“Everyone would love to have a letter from EPA that says, in glowing endorsement, we approve of this permit,” she added. “Their non-objection is the same thing as approving.”
A second large issue raised by EPA dealt with pollutants in stormwater discharge generated from construction and operation at PolyMet, and how the MPCA permit control and enforced its downstream pollution.
Minnesota uses a standard stormwater model used in numerous states across the country that is endorsed by the EPA, Kessler said, contingent on the company submitting a site specific plan reviewed by MPCA engineers.
PolyMet presented a comprehensive stormwater pollution prevention plan, she added, that includes wet ponds to collect flow, settle out pollutants, dry infiltration areas to trap runoff particles and a combination of wet and dry controls and filters. That plan was reviewed and approved by MPCA engineers.
Once PolyMet moves into operation, it will be covered under a general industrial permit that requires the company to maintain its stormwater pollution practices, but specifically requires stormwater that touches industrial activity must be run through and treated through the same membrane filtration system.
“They’re actually treating stormwater runoff to a very sophisticated low level once the operation takes effect,” Kessler said. “Which is far more than anyone else is doing in the state.”
That component, she added, was discussed with the EPA, which came around to understand the state’s approach and didn’t object to it.
Currently happening at the PolyMet site is the monitoring and cleaning up of legacy pollution from the LTV/Cliffs/Erie Basin, which the state required the company to do as part for the project to move forward.
Under the agreement, PolyMet is accountable for the prior contamination and allowing monitoring to create baseline data for the MPCA to monitor and check compliance.
There are 52 monitoring wells at the property and once operation begins, PolyMet will be treating that runoff as an enforceable part of the project.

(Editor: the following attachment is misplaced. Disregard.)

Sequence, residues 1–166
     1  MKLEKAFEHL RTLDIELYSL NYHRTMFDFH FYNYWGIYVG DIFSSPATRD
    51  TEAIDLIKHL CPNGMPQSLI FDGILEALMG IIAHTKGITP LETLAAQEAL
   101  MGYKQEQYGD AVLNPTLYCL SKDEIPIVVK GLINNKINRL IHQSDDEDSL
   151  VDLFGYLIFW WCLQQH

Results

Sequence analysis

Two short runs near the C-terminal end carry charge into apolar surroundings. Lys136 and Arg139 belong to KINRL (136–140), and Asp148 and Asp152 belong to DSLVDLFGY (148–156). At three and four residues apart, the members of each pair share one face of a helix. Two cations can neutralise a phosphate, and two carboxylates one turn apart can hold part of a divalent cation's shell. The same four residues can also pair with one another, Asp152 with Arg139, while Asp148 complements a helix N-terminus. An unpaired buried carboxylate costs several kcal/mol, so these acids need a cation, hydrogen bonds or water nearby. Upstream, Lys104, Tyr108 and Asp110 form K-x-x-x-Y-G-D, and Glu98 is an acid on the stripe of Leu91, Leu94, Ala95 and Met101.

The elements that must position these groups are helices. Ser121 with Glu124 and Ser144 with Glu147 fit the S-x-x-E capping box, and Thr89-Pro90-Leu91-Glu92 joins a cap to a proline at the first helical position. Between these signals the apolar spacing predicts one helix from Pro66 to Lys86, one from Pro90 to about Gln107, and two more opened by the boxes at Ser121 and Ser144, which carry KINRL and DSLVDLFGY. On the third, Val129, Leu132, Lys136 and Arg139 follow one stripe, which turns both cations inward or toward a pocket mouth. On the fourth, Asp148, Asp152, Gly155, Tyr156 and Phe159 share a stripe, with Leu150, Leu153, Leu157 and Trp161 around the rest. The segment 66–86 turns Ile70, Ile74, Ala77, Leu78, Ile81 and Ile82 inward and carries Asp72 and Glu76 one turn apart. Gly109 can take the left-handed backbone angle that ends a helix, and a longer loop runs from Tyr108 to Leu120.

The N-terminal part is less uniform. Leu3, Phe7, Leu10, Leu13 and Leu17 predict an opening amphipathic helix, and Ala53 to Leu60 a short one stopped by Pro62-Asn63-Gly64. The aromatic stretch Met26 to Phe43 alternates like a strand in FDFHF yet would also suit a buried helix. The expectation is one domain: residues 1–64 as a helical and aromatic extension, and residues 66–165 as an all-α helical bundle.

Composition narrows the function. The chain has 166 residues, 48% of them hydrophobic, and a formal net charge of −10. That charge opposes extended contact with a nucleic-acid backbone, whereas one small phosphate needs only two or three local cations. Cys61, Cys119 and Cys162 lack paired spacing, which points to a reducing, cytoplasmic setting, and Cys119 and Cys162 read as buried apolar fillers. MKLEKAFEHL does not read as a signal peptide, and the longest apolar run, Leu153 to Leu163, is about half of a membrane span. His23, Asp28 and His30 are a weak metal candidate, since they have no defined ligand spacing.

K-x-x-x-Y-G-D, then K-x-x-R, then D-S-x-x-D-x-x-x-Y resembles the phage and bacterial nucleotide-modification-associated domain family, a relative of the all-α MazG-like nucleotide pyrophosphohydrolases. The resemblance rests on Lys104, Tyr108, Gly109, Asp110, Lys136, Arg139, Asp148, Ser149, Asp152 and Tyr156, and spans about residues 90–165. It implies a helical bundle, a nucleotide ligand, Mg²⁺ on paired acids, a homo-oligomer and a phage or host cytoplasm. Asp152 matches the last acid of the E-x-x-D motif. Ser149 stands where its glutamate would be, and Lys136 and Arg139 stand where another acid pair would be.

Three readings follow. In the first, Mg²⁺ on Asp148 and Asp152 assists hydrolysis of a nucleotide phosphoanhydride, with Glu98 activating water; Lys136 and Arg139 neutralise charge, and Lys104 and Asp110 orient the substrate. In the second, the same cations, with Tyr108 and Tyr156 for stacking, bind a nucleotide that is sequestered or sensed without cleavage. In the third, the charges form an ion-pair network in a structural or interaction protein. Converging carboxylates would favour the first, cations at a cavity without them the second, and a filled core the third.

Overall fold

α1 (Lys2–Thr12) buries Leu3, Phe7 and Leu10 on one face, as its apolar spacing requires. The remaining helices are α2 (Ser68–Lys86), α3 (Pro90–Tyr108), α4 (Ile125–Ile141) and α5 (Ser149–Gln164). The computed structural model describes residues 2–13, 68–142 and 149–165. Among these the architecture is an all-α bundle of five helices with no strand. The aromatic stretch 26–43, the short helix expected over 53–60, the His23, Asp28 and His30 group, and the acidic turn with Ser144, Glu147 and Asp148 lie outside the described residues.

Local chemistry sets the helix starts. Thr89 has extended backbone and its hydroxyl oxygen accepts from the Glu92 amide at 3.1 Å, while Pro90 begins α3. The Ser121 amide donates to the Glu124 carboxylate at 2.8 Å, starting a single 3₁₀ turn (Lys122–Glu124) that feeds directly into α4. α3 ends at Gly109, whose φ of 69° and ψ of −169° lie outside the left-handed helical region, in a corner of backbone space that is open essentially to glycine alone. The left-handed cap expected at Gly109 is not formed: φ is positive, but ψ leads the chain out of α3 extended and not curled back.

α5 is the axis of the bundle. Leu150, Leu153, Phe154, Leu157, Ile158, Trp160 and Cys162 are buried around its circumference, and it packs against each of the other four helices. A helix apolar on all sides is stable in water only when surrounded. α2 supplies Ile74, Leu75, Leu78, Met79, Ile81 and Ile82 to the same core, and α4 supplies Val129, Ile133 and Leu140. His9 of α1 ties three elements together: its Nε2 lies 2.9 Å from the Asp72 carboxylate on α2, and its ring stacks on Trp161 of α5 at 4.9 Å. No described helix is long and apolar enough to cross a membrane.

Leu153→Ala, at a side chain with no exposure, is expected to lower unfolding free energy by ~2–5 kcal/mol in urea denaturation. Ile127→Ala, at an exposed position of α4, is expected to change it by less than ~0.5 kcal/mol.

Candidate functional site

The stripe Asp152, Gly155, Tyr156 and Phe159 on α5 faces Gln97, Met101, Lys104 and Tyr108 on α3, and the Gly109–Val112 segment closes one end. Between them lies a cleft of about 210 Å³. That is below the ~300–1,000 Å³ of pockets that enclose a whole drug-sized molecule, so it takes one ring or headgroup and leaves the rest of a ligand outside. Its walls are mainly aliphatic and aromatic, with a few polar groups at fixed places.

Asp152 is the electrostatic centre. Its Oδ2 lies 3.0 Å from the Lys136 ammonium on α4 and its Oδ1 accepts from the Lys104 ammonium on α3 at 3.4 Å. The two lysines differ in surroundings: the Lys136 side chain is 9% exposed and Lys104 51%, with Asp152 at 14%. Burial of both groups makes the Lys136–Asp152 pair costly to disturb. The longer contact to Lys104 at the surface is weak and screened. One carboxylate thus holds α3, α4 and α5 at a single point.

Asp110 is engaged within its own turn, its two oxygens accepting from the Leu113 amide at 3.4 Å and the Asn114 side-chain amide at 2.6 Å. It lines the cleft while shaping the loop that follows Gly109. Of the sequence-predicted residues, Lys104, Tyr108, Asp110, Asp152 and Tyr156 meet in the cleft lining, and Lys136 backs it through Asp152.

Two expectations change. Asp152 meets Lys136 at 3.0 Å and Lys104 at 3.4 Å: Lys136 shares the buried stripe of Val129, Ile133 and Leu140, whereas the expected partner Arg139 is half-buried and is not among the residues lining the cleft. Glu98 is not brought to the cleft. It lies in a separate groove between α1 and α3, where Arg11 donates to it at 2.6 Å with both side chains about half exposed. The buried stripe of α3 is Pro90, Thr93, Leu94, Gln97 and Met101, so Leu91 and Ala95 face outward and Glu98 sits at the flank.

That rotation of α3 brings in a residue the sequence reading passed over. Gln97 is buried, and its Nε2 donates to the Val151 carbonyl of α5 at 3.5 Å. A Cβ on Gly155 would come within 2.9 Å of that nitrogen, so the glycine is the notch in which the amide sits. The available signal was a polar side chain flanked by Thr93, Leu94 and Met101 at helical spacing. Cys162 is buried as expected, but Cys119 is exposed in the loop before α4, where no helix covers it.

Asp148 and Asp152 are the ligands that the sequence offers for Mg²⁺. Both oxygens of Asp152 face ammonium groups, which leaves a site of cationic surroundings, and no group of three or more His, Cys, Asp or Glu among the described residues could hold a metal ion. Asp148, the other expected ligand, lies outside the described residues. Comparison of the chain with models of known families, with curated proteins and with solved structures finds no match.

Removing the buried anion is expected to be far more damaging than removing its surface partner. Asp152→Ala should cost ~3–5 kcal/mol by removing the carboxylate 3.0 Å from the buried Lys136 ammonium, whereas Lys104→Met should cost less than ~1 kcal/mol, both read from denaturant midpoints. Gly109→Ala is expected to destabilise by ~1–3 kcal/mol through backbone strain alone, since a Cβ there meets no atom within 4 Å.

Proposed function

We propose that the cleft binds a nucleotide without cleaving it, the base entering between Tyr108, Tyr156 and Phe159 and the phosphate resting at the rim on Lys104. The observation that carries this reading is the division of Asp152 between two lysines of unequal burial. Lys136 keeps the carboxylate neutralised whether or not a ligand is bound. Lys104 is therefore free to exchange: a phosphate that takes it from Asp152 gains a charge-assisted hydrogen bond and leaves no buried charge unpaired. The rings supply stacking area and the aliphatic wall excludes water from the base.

Broton said the push to halt all permits for the project, a point raised last week by 18 Democratic lawmakers and environmental groups opposing the project, would be detrimental to the legacy cleanup.
“If a stay were to be issued or if the courts were to throw out the permits, all these pieces on monitoring would stop,” he said. “That was part of the deal for PolyMet to move forward. All that would come to a screeching halt.”
Under the Walz administration and new MPCA Commissioner Laura Bishop, the agency is reaching for a higher level of transparency on the permitting process, how they handle comments and hold the permit holder accountable.
The release of the document was a step in that direction, Broton said, a break from the previous administration that took the approach of putting a permit out in the public sphere and letting people decide if it was a good one or not.
He noted the PolyMet permit is a 479-page document and the agency can’t reasonable expect a person to read through its entirety.
It also sets the stage for a potentially more contentious environmental review when Twin Metals releases its mine plan for a copper-nickel mine near the Boundary Waters Canoe Area Wilderness, which is expected later this year. A third copper-nickel project is also being scouted by Vancouver-based Teck, formerly known as Teck Cominco, and sits between the proposed PolyMet mine and the Peter Mitchell taconite mine operated by Cleveland-Cliffs’ Northshore Mining.
“This is a new technology and these are mines we’ve never had before here — much different from than taconite,” Broton said. “So we want to make sure our process and our permits on this are rock solid. A lot of things here are at stake.”